Virtual Developer Workshop: Containerized Development with Docker
Environment: VC6 SP1, SP2, SP3, NT4 SP4
ATL has no native string class. To manipulate strings, you have several choices: Standard Template Library (STL), roll-your-own C++ classes, or the tried-and-true MFC CString class. The problem with CString, though, is that it's part of the MFC library. Many developers will include MFC support in their ATL servers just to get the CString class. However, this defeats ATL's goal of producing small, efficient, high-performance servers - and it's not necessary!!!
Since I cannot distribute the extracted CString source code as it would violate the Microsoft EULA, I have done the next best thing - created a DevStudio macro that will do the extraction for you based on your licensed copy of the MFC source code files. The result is two files, a .h and .cpp file that will be placed in the ATL SRC and INCLUDE directories. You can then add these files to any ATL project and get all the benefits of the fully functional CString class.
To produce the files, download and open the MFCCStringForATL.DSM macro file. Find the following lines and modify the path specified by sDevStudioPath to match the location of your DevStudio source files.
' Replace with your equivalent path to the Dev Studio directory.
sDevStudioPath = "C:\Program Files\Microsoft Visual Studio\VC98\"
Save the MFCCStringForATL.DSM macro file if modifications were made. Next, load the macro via the Tools | Customize menu, Add-ins and Macro Files tab. Click browse and locate the MFCCStringForATL.DSM file. Select Open. Select Close to close the Customize dialog. Next, select Macro from the Tools menu to display the Macro dialog. Make sure the correct macro file is selected, then select Run. If the macro is successful, the newly generated files will be placed in the ATL Src and Include directories. (default location - C:\Program Files\Microsoft Visual Studio\VC98\ATL\)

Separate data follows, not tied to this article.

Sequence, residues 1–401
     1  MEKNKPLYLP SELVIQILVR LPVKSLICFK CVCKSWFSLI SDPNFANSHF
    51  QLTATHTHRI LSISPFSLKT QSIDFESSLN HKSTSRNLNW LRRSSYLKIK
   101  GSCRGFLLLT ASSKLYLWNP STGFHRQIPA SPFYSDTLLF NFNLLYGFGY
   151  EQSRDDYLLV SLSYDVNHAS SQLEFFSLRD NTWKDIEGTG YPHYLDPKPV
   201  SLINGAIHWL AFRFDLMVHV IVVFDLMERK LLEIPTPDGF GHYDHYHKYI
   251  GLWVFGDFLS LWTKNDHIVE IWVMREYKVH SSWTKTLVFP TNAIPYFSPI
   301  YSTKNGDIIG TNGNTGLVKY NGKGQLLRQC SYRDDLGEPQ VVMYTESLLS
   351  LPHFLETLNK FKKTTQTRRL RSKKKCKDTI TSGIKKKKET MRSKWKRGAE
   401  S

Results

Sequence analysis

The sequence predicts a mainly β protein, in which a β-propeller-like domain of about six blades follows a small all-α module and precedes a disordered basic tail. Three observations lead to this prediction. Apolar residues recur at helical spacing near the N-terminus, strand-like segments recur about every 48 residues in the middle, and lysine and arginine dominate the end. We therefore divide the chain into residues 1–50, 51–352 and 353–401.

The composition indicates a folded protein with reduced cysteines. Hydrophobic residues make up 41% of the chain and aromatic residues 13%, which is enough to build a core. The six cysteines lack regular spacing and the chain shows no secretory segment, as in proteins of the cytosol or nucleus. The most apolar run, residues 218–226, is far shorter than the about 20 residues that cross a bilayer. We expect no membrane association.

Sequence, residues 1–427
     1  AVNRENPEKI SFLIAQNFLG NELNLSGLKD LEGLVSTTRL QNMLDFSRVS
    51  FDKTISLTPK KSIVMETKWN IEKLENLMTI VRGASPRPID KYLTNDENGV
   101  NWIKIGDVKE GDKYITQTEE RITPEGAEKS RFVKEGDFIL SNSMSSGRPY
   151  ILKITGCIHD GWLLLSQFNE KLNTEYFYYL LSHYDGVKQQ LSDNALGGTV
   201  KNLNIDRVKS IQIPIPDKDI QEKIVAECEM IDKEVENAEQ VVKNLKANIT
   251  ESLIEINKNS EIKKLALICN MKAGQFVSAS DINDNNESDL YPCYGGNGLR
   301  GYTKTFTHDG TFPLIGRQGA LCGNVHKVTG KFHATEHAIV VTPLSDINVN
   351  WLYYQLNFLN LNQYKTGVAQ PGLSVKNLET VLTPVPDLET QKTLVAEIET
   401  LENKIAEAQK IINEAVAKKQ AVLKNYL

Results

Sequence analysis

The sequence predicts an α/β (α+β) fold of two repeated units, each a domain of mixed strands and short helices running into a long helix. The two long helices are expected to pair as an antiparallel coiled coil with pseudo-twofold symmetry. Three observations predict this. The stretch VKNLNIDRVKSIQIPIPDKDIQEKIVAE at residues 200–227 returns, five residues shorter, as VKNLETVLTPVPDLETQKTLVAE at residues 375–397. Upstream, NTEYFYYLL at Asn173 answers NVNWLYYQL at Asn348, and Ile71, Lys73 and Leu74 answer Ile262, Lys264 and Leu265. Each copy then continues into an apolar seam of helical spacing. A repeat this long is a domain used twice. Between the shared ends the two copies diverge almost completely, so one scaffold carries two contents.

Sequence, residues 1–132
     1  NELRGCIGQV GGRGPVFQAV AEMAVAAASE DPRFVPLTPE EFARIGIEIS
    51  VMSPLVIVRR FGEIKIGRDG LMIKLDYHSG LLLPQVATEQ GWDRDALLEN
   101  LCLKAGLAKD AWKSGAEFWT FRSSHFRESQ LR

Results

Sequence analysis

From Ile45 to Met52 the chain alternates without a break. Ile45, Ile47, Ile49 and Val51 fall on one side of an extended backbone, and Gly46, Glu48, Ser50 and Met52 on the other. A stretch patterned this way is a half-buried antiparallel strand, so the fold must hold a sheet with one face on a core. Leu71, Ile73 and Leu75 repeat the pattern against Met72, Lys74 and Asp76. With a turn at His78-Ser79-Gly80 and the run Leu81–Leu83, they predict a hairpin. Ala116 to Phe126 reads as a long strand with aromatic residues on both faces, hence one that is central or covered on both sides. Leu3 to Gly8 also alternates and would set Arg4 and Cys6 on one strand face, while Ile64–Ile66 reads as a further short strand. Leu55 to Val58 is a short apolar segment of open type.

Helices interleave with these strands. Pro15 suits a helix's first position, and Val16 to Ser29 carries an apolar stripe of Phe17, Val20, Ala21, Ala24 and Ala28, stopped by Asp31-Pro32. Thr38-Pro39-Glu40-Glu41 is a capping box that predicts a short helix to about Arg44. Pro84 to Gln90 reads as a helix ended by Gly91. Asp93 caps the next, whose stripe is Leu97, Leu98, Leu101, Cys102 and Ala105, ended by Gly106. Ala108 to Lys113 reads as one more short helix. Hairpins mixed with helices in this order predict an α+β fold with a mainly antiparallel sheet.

To make sure the extracted CString methods work exactly as they do in an MFC project, I have included an MFC test application that tests the native MFC CString class and the extracted ATL version. The ATL version is tested via an ATL COM component. The MFC test application creates an instance of this component and calls a method which performs the tests and returns the results. The test cases were taken from the MSDN documentation. Believe it or not, some of the CString methods fail using the documented test cases. However, the tests fail in both versions which is the point of the test application - to prove that the CString class is successfully extracted and performs identically to the MFC version. If you build the test application and ATL component, make sure that both of the build configurations are identical (Debug/Debug, Debug Unicode/Debug Unicode, Release/Release, etc). It is important to test apples to apples. Otherwise, the test results are meaningless.
The CString class uses C++ exception handling. Unless you want to modify the extracted class, your ATL servers must have C++ exception handling enabled. It is disabled by default.